A story from our founder, Julie Coady:
Therapeutic horseback riding, really, what does that mean? What does a horse do to help a person with special needs? For one, it is not the “everything” in their life, and it is not the “fix” all to all of their issues. It is a place to leave behind the label of “special needs”, the disability, the therapy, the seeking a cure.
I can share with you what it is from the eyes of the coach for three of our riders at Blue Sky.
The first rider is my buddy, Trey. Trey is 8, but I met him when he was 9 months old. Since then I have been fortunate to be a part of birthday celebrations, finalized adoption celebration, and some really great milestones. Best of all, each week at noon on Sunday, I get to share barn time with him and teach him to ride. Brushing, saddling and getting his horse ready to ride are a few of the things he learns. Victories as he learns to brush, carry a big saddle, snap his helmet, and lead a big horse on his own. We practice over and over and over. His instructors work one on each side, teaching Trey the cues, “On three, one, two, three, tap, tap, go” to make his horse go. Then, wait for it, “One two three,” and he is doing it on his own. He is using his legs to move his horse forward. Then words sometimes sneak out; sometimes we get a “Go” as he is desperate to work to get a chance to trot.
Then there is Preston. He rides each Thursday after school. He has been riding since he was 11 and is now 14. He is a pretty typical young teenager. He worries about getting his homework done (or, rather, his Mom worries about him getting his homework done). He negotiates when we will have a bonfire at Blue Sky or gather for a pizza party. Or, perhaps, he just wants to stay longer after his lesson to help feed the animals. He worries sometimes about the cable on his electric chair, if it is going to give out before the manufacture can figure out the problem and replace it. Losing his electric chair even for a day means some one else has to push him and take him from class to class. He doesn’t want his friends to have to do that. He worries.
At Blue Sky, his worries can shift for a bit. For at Blue Sky, Preston is an athlete. Preston is at practice. He is working to get a buckle or a first place ribbon at the next horse show. He works to communicate with his horse and ride with his horse. Preston seeks to ride with as much communication as possible. Using his seat to push his horse forward, he cues his horse to walk, trot, turn, walk over bridges, and open gates. He works each week to build his endurance and extend his ride time.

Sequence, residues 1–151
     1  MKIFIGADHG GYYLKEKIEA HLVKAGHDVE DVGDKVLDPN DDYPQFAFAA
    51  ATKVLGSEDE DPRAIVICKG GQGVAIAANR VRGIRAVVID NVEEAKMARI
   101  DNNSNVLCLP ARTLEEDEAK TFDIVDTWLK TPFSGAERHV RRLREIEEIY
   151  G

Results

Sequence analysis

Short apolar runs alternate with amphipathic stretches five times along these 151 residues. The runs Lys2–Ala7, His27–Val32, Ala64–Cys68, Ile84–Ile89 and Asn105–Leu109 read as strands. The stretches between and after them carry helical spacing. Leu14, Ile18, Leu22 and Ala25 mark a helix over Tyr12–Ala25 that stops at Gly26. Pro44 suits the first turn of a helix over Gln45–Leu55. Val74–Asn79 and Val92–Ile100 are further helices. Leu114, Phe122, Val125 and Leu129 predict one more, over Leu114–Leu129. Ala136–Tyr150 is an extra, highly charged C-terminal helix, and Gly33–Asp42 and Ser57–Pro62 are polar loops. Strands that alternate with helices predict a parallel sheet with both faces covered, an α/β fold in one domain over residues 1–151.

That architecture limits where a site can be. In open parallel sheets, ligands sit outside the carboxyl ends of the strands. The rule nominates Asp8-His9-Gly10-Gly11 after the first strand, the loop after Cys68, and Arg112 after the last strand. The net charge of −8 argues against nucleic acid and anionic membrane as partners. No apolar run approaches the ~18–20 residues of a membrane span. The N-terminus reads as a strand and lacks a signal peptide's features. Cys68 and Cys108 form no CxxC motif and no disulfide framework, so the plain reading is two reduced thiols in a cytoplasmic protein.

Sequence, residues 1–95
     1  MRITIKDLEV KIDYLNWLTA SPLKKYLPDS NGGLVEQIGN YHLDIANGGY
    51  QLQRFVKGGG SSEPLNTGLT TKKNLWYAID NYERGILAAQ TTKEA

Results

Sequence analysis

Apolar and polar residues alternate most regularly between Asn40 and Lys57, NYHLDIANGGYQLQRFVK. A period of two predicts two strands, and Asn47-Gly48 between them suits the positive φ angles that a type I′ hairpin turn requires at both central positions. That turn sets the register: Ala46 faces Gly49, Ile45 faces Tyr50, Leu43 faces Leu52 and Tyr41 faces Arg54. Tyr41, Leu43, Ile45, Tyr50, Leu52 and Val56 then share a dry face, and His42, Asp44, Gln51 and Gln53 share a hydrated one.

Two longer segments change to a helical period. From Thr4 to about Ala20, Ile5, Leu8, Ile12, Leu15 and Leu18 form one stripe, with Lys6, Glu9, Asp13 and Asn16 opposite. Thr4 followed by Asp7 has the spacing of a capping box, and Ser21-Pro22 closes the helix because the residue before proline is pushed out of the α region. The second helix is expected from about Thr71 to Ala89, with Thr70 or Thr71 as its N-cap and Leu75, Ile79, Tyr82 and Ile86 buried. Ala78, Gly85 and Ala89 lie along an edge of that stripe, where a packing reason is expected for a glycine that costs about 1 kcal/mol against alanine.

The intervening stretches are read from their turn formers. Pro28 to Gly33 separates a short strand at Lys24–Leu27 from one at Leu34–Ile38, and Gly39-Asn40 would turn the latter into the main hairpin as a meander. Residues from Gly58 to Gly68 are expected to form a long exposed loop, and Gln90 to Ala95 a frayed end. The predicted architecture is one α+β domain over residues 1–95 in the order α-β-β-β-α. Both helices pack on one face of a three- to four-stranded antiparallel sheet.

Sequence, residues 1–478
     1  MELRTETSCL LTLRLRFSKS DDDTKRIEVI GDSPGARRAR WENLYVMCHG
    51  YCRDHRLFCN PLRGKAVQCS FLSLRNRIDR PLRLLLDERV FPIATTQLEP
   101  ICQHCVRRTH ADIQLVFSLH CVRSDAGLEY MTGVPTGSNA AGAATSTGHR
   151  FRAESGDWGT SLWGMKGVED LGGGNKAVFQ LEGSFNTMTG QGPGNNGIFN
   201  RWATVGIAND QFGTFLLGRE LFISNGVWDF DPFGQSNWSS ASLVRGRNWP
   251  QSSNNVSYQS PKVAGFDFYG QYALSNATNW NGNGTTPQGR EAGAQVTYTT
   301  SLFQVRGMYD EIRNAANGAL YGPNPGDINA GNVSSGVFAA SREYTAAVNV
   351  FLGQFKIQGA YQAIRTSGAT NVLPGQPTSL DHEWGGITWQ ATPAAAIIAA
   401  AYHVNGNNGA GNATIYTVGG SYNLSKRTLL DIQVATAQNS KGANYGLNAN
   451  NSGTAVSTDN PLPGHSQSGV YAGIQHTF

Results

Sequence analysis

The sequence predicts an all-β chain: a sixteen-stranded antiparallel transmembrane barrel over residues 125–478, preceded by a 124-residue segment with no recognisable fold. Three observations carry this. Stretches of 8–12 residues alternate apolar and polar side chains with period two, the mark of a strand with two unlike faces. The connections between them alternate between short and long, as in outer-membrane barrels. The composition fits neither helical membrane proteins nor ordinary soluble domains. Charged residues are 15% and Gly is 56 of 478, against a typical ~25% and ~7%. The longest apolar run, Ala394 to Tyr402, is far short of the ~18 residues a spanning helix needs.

Then there are the little moments, too. The moments when his horse is lead up to him as he sways, hanging over the horse from the wheelchair hoist. His horse sniffs him, gently looks up at him, and seeks out his hand to get a rub on the forehead before he moves up for Preston to be placed gently on his back from the harness that holds him 5ft above the ground. Hank, his horse, thinks nothing of this “not so typical” way of having a rider mount him.
Preston’s time at Blue Sky is about an athlete and his horse, a time to practice, a time for friendship, freedom and fun. Me, getting a chance to be with Preston, one of the brightest, funniest people I know is a joy. After many days of rain, Heidi, his side walker said, “I think we are going to need to build an Ark.” Without hesitation Preston says “I Noah guy.” Ah, the joy that is Preston. He will never let me live down the fact that I am the only one that has ever fallen while being his side walker. It was in the show ring, no less!
Terry is another rider at Blue Sky. Like Preston, he has to spend time when he is not at Blue Sky in a wheelchair. Terry has also spent much time in the seat of an F-4 fighter jet, as a Top Gun pilot and a Captain in the Marines. He flew the last combat mission over Vietnam.
Terry has been limited to a wheelchair since 2010.
What I see from a coach’s perspective is one of the most witty, most determined man I have ever meet. Repeat is his favorite horse, and it is clear the feeling is mutual. Terry can stand up from his chair, and therefore mount from a ramp, which some great young veterans helped install. It is a bus type lift with a platform attached for Terry to use. The ramp makes it less work for Terry to mount his horse.